As its name implies, Blackout is a 3mil (76 micron) opaque polyester film that is designed to block light. This new e-colour+ material is available in 60” x 20’ (152.4cm x 6.10m) rolls and features a matte finish.
Blackout can be used in a number of different lighting techniques:
- Temporarily black out windows on location using our Guide To Installing Filters In Windows.
- Make lightweight and waterproof flags to create negative fill.
- Add shadows and texture into a scene by cutting out custom cucoloris patterns.
Note: Blackout is not intended for use directly on hot lights.
Filmmakers and photographers are always looking for new and exciting light modifiers to use in their lighting setups. That’s why Rosco asked Photographer, Cinematographer, and Rosco Ambassador Richard William Preisner to help us introduce its newest lighting modifier – Rosco E276 Blackout.
E276 Blackout is a part of Rosco’s e-colour+ range of lighting filters. As Will mentions in the video, e-colour+ uses the same three-digit name & number system that Lee and other gel companies have used over the years. The material itself is a 3 mil (76 micron) thick opaque polyester film that features a matte/frosted black finish and is available in 60”x20’ (152.4 cm x 6.1 m) rolls.
Blocking Out Windowlight
When shooting on location, sometimes the natural daylight coming through the windows can be a real blessing. Many times, however, that light source needs to be removed from the shot altogether. In the video, Will demonstrates how filmmakers and photographers can easily install Blackout temporarily into a window using the technique found in our Guide To Installing Filters In Windows.
Creating Negative Fill
Rosco E276 Blackout can be used to remove ambient or bounced light that is entering the scene. This technique is called negative fill and it’s great for creating more contrast in a shot. Because Blackout has a frosted matte finish, it absorbs light wonderfully, which makes it a fantastic solution for creating negative fill. Simply skin the Blackout onto a 2×3, 4×4, or even a 5×5 gel frame and set it up wherever you’d normally use a flag. Will also points out that you can even waterfall the Blackout right off the roll using a grip arm and a C-Stand.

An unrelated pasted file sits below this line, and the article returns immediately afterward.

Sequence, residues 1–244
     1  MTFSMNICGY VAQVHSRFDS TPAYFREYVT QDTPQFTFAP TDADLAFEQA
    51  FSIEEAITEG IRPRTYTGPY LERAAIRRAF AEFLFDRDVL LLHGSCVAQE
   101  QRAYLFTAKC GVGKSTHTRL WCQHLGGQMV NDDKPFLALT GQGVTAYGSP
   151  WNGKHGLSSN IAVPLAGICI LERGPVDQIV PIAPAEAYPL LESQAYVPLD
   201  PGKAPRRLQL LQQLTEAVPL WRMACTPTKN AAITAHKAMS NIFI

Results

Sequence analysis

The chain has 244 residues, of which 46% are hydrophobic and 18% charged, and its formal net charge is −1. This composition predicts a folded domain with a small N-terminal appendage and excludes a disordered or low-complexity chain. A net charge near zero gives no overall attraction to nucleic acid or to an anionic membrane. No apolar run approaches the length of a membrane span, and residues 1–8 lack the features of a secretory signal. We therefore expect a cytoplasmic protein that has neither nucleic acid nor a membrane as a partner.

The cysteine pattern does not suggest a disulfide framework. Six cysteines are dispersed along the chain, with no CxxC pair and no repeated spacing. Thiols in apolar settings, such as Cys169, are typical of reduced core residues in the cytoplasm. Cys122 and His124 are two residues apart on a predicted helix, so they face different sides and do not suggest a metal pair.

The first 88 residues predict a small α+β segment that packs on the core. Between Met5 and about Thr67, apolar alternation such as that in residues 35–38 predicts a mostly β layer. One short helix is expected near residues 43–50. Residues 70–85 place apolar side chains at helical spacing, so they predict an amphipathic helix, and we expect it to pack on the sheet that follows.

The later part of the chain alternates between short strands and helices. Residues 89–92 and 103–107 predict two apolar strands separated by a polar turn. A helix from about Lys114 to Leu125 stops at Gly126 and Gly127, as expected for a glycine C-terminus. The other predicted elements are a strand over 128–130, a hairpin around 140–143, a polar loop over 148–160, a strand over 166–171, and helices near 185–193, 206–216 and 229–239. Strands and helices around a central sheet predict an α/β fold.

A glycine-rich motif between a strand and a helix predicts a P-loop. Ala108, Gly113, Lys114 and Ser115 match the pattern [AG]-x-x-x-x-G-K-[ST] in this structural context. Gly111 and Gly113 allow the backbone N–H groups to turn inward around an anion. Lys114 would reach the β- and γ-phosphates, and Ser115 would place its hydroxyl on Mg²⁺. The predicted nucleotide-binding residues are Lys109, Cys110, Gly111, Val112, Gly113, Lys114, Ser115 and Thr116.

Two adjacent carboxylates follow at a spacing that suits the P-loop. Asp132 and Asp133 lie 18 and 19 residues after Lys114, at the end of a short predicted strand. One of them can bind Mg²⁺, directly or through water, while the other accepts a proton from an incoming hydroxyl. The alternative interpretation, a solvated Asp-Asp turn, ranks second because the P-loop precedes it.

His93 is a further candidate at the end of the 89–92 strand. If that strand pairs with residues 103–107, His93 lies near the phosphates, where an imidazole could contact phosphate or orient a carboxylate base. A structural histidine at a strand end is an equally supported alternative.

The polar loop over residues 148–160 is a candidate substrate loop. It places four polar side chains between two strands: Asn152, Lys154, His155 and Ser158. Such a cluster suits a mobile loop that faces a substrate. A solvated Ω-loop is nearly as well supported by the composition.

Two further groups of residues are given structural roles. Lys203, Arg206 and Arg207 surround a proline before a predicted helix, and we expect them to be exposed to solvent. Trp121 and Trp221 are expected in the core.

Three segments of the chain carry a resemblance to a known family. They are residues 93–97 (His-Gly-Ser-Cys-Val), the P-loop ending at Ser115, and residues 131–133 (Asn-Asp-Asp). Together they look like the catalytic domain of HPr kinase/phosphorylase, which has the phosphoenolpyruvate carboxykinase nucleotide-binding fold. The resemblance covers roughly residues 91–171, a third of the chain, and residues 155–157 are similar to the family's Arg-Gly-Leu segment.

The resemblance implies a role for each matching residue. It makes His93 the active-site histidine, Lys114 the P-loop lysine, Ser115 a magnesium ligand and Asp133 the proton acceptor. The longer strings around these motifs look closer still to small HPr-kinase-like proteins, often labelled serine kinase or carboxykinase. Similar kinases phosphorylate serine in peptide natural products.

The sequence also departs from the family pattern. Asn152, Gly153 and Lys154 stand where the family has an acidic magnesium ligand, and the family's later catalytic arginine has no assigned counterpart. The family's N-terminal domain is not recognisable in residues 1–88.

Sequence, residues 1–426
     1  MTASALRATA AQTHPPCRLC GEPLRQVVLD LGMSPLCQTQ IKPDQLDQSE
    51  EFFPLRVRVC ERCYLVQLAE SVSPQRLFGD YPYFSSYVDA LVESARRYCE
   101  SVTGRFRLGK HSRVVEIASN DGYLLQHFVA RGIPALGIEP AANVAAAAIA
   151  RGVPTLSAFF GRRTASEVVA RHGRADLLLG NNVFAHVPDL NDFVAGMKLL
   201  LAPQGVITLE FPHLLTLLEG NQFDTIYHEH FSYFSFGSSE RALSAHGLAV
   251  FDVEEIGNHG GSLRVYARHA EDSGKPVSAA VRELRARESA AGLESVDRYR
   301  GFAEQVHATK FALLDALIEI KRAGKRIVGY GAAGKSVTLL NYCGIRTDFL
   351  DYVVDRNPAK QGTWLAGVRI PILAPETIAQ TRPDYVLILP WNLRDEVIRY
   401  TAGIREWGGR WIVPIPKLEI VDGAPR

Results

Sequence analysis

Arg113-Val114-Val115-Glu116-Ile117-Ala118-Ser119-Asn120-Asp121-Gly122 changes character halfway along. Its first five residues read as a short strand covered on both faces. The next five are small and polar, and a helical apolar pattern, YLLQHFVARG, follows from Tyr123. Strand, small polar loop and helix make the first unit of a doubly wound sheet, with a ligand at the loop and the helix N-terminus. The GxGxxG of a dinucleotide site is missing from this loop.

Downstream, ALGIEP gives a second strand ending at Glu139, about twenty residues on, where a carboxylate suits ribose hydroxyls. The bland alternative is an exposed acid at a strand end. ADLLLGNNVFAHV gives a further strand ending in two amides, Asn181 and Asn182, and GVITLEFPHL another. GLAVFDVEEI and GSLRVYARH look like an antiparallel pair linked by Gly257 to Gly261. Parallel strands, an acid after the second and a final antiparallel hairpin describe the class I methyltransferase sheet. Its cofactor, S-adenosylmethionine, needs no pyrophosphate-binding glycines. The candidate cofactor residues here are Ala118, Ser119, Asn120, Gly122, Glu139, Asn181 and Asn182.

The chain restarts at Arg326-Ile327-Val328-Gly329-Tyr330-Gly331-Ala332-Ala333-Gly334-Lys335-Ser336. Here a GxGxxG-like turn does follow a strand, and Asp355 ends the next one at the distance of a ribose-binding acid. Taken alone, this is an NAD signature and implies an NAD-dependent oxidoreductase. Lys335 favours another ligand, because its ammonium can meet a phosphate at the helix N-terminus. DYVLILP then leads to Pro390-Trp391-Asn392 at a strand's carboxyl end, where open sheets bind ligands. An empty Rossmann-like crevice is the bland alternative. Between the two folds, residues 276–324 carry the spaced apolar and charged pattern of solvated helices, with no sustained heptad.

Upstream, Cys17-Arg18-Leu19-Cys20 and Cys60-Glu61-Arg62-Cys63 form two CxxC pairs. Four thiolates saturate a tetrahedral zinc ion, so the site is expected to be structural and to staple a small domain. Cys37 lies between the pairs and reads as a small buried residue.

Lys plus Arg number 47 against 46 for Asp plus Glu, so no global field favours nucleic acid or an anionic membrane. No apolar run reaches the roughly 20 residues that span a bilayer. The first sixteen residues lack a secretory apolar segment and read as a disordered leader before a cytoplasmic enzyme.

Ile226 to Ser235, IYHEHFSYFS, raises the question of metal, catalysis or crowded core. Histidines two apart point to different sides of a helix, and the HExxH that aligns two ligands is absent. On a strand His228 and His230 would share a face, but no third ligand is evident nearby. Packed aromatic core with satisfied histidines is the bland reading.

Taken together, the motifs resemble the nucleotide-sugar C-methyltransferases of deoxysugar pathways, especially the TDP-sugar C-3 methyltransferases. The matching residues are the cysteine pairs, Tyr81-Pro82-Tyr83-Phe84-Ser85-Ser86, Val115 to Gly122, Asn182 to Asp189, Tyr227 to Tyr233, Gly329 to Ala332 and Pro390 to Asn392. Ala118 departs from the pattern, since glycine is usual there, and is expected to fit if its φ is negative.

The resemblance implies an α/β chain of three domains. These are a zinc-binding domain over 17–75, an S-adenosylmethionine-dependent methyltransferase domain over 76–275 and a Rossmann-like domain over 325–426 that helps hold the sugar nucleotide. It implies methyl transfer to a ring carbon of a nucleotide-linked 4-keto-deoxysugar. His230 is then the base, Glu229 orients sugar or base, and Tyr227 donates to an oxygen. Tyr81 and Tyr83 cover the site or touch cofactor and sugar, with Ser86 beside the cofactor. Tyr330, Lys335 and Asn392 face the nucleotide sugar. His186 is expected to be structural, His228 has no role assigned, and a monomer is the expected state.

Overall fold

Duvetyne and polystyrene panels are common filmmaking materials for creating negative fill. Because Blackout is waterproof, however, it can be used in wet conditions where duvetyne would get heavy and soggy. Blackout can also easily be taped temporarily onto walls or floors to remove ambient bounce. In addition, Will also points out that, because Blackout comes in convenient rolls, it transports easier than large sheets of poly.
NOTE: Rosco Blackout is not intended for use directly on hot lights. Rosco Blackwrap/Cinefoil/Photofoil is the recommended product for that sort of application.
Custom Cucoloris Effects
Using shadows is a very useful technique to create textures and patterns in light. Filmmakers can use a cucoloris (aka cookie) to cast shadows into their scenes. Throughout the years, cookies have been made out of plywood, tree branches, and old window mullions – to name a few. Now, many of those designs can simply be made by cutting patterns out of E276 Blackout using a matte knife or scissors.
Between blacking out windows, creating negative fill, and adding shadows into the shot – Blackout is a versatile material to have on a gel cart. If you’re looking for a new light modifier to control the light in your next project, contact your favorite Rosco dealer and order a roll of e-colour+ #276 Blackout today.